August 2022 . . . .

Neither A Critic Nor An Editor Be . . . .

I spend my time reading others’ writing. This is a joy. For me, that is. I suspect that it isn’t always a moment of confident pleasure for writers to submit their work to be considered for publication somewhere. There are many expectations to be met, on both sides. The writer, for example, has an idea of what it takes to be a contributor; what they bring to the table, the time and effort and skill / talent / inspiration that is required to create, and they release their work accordingly out into the world as something more than just words in the right order. An editor has, or should have, a not-so-secret list of guidelines that meet what they are looking for in a submission, a time allotted to the task — yes, task — of reading submissions, and preconceived notions of quality. This list is often, at least to the writer, something between a map with no coordinates and a Gordian knot, not fun for anyone to analyze, unravel or defuse. To the editor, however, it is a fairly clear picture in their mind of what their journal looks and feels like, and how an accepted submission should fall into that picture easily, like a carefully carved wooden peg sliding in a similarly shaped hole.

There is fine reward when everything comes together. Publication. Pain of many and various sorts when it doesn’t. Rejection is hard enough. Making of it a line in the sand is worse.

The process and all of its wishful thinking on the part of both parties leaves much room for conflict, of course, a sort of cold wariness between authors and editors. How to please those . . . ediots at literary magazines? What don’t they see in my 1600 well-crafted words? Or, on the other contentious hand, a brand-new way to show dialogue between characters? What can you actually be thinking? I cannot figure out this POV, so how can my readers? Please give me something new and tasty using off-the-shelf ingredients.


Add to this all of the real restrictions on word quantity (not word length, for crying out loud — feel free to use longer words, unless you think the editor suffers from Hippo­poto­monstro­sesquip­pedalio­phobia), subject matter, triggers, style prompts, what was recently published, what has already been accepted and committed, and language. As in foul, or any other so-called inappropriateness. And the general contentiousness of anything that requires judgment. The idea that we are in competition with each other in everything we undertake.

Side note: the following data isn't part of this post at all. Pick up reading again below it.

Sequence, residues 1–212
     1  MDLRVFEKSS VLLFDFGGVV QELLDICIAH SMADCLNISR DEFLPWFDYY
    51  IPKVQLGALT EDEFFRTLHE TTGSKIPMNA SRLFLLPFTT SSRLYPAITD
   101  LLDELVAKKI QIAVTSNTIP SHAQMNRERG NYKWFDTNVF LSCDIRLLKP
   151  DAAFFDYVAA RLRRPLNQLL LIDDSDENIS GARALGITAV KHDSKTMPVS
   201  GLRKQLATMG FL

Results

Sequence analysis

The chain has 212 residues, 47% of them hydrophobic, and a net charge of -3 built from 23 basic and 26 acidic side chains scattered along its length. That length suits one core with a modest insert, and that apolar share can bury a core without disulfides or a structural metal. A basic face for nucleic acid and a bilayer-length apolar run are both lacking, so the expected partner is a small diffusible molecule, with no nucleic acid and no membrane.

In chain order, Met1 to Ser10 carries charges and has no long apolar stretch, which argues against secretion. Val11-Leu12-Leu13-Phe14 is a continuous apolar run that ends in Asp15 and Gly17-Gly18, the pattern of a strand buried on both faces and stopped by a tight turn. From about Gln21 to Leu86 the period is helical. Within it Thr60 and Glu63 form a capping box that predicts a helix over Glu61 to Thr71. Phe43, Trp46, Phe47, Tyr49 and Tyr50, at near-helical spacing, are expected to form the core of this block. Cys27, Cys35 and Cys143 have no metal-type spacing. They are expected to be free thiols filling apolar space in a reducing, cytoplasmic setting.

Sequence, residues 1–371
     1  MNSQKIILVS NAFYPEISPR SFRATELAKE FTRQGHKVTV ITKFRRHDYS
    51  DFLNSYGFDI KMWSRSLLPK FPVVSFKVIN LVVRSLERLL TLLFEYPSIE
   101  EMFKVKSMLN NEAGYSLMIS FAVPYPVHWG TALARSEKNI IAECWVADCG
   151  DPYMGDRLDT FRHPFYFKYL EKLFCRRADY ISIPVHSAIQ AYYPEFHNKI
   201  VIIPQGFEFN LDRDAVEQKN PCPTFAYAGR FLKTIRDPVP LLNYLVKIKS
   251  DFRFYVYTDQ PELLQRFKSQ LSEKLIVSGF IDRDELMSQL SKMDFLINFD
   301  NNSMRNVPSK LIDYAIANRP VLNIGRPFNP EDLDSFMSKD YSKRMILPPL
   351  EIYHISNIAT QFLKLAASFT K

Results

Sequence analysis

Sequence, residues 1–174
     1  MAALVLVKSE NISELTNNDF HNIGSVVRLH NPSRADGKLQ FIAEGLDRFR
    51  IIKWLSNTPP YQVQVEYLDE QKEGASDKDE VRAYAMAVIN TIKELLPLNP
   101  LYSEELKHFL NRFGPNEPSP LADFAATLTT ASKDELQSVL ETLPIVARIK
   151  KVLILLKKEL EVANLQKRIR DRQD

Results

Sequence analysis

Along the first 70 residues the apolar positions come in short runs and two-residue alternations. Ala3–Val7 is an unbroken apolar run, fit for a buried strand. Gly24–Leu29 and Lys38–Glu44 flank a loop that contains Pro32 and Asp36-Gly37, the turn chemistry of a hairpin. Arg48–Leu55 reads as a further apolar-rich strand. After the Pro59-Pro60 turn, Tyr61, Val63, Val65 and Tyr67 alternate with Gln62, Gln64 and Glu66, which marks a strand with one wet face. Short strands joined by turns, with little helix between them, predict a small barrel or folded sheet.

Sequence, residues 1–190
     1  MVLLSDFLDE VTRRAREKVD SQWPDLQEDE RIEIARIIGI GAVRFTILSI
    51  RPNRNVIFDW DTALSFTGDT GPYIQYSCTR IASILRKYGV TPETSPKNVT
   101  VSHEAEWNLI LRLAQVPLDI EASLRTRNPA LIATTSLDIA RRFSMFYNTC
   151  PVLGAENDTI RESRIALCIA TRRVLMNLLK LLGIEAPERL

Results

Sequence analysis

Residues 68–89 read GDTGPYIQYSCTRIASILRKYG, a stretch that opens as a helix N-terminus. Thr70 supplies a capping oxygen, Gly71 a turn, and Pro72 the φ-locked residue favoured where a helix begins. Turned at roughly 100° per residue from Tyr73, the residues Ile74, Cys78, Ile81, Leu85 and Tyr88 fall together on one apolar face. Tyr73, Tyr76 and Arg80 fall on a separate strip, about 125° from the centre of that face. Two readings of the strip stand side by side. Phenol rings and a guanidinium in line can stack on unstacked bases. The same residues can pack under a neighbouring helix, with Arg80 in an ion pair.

I think that writers and editors spar with each other, in very slow motion and at a safe (?) distance. And thank goodness, too. If they were in the same room, it would be trouble right here in River City. They think they don’t get along with one another. Editors think writers are the problem with writing and writers think editors shouldn’t exist, because they . . . get in the way. So, what can be done about the technicalities of a one-way system? Isn’t it a one-way system? Is the power of the publication process entirely in the hands of the publication?

I’m not sure anymore.

Carefully reminding ourselves that editors are allowed to run their publications how they see fit, and that writers are necessary to provide “content” (a word no one likes, I know) for said publications, one would think that this symbiotic relationship would be more amenable. That we could remove the concept of “power” altogether from the so -called equation. Social media (a misnomer, I feel) shows this to not be so, and hasn’t helped clarify anything. The writer is a petulant diva working in a vacuum. The editor is an out of touch critic of art with no skills to speak of. The rife tribalism of confirmation bias that the screaming platforms foment fans the flames of publishing culture-wars. Some would say as well it should. If there needs to be a revolution, the person once said, let it begin here. But . . . .

My older daughter says that I need to stop doing that. Making an argument beginning with the word “but.” That little word implies that I have the floor (I guess I do) and that anyone is interested in my point. (Are you? Perhaps. Perhaps not.) I may, but who cares? We live in a world where people like me have had their say for so long that we might actually have answers to problems, but no one is listening. They are exhausted with the ancien regime. We’ve lost our right to belabor the world with our opinions. I get it, I really do. Which still doesn’t matter.

So what is left to say? Viva la revolucion!